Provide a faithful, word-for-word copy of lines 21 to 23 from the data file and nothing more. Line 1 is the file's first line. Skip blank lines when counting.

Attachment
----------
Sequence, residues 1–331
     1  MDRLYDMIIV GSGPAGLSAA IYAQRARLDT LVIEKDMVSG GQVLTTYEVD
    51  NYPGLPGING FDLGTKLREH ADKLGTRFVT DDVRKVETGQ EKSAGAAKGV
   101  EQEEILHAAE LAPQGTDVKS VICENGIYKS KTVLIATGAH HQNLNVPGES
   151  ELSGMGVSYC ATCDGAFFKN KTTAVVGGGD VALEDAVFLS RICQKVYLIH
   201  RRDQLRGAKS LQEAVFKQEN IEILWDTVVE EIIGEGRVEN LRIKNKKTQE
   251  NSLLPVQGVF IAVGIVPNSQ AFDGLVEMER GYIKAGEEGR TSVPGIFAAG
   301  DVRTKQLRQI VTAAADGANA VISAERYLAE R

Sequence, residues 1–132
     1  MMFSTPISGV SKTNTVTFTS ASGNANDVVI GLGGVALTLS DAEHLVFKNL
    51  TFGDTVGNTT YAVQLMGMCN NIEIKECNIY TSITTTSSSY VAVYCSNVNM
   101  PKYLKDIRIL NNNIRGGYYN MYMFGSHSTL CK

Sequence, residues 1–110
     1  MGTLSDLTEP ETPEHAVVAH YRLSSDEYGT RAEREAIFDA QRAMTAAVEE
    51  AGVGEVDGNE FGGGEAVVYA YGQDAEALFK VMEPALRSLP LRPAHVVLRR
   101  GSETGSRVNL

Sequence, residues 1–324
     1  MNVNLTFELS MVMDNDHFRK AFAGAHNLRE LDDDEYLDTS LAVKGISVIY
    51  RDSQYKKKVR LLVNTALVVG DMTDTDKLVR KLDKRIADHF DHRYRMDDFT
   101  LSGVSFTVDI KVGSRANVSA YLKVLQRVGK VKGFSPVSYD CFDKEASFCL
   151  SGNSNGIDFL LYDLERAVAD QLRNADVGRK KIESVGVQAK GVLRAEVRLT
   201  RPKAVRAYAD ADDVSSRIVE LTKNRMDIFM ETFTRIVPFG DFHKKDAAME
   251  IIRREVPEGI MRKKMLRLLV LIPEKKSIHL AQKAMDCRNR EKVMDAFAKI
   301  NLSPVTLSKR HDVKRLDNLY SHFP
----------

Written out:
   151  SGNSNGIDFL LYDLERAVAD QLRNADVGRK KIESVGVQAK GVLRAEVRLT
   201  RPKAVRAYAD ADDVSSRIVE LTKNRMDIFM ETFTRIVPFG DFHKKDAAME
   251  IIRREVPEGI MRKKMLRLLV LIPEKKSIHL AQKAMDCRNR EKVMDAFAKI